In September 2013, Cameron Kunzelman wrote about black T-shirts and the powerful men who wear them.
In March 1965, Eleanor Roosevelt wrote about her recollections of Winston Churchill visiting the White House.
The year you were born, Wilson Harris wrote about how then-Princess Elizabeth's education compared with that of an American girl of the same age.
In June 2013, Colin Fleming wrote about 1963 as a formative year for the Beatles.
In October 2000, Stephen Budiansky wrote about a Yale Law School professor who argued unreasonable search and seizure protections had been stretched far beyond their intent.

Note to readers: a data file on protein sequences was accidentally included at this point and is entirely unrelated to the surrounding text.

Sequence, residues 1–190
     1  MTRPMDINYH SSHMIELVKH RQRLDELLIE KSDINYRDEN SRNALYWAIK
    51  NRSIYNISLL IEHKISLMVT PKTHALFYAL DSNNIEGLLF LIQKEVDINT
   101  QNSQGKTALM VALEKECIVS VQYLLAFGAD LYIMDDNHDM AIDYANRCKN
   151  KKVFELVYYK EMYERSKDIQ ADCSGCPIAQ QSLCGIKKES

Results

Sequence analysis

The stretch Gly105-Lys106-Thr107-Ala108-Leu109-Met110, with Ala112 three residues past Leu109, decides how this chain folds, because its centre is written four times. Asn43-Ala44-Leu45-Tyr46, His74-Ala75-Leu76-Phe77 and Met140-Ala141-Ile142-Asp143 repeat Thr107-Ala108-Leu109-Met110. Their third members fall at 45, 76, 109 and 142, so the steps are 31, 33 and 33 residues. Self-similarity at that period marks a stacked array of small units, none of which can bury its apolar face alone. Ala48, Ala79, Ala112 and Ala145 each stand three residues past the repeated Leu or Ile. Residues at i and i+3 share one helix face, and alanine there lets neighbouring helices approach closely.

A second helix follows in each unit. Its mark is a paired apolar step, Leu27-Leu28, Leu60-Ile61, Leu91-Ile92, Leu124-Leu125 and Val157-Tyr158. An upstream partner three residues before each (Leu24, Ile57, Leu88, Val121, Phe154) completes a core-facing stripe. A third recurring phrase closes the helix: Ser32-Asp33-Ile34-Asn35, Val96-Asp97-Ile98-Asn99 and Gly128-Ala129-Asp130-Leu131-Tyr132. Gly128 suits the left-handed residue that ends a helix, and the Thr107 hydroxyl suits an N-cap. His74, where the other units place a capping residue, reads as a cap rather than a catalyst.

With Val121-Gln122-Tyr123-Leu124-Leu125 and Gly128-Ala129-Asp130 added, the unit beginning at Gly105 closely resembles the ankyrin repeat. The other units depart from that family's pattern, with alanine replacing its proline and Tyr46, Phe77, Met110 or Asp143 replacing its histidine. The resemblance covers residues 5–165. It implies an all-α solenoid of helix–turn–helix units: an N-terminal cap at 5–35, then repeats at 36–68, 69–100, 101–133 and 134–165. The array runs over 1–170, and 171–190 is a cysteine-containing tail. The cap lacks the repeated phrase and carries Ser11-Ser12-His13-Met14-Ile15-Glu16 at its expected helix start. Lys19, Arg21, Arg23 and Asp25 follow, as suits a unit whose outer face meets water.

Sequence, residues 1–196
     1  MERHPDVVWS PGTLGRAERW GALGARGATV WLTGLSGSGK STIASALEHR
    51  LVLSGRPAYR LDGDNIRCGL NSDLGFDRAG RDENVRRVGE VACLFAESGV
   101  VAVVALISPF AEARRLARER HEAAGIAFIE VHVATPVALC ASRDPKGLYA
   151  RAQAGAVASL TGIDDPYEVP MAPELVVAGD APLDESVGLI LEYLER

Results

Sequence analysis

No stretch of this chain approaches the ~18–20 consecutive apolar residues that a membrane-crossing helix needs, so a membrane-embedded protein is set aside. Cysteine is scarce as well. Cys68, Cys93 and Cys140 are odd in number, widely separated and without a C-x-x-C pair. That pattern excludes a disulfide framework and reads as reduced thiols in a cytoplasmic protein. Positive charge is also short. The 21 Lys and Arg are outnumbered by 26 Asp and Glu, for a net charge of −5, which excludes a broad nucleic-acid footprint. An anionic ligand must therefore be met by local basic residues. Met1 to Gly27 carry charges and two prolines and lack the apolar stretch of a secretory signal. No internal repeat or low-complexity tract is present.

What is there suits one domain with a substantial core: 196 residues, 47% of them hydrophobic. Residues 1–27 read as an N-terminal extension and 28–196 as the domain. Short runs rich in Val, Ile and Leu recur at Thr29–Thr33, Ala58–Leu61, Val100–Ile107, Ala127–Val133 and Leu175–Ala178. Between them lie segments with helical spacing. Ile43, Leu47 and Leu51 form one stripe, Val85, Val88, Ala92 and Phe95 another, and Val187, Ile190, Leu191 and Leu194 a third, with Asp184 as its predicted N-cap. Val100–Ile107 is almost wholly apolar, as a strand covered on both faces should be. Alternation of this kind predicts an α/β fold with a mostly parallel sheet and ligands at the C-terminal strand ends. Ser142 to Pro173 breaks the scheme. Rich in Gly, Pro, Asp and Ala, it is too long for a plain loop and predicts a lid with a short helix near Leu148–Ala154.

Over the years, the moon landing has come to be lauded as the pinnacle of human achievement, although it was often derided at the time. In 1963, NASA astronauts took to The Atlantic to plead the case for landing on the moon.
In March 2015, Irvin Weathersby Jr. wrote about what hip-hop can teach Americans.
NASA / JPL-Caltech / Space Science Institute
With NASA's Cassini-Huygens mission in 2005, humans landed a probe in the outer reaches of the solar system for the first time, a moment Ross Andersen called the most glorious mission in the history of planetary science.
The Atlantic is here to help you process it, in stories like these:
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